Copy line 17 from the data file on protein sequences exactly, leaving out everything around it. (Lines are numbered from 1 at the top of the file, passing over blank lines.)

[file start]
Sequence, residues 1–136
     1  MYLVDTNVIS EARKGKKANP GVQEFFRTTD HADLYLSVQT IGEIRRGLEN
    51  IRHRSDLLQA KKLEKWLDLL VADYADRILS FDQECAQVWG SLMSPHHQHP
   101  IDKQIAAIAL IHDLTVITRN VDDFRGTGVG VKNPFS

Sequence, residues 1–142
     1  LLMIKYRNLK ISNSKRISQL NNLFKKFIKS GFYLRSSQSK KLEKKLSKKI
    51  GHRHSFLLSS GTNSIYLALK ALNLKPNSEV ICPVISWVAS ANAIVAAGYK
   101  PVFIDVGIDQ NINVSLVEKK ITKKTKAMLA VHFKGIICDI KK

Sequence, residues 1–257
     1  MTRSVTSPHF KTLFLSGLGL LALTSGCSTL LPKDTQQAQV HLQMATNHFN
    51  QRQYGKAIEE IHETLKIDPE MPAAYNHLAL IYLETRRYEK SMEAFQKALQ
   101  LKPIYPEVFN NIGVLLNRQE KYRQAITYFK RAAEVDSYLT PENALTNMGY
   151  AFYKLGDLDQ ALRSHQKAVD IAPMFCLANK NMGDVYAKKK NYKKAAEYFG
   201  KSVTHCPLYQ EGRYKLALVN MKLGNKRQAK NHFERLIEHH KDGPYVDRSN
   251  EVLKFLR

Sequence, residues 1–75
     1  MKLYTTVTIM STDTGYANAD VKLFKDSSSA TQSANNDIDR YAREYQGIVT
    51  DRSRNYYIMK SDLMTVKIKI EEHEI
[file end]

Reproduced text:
     1  MKLYTTVTIM STDTGYANAD VKLFKDSSSA TQSANNDIDR YAREYQGIVT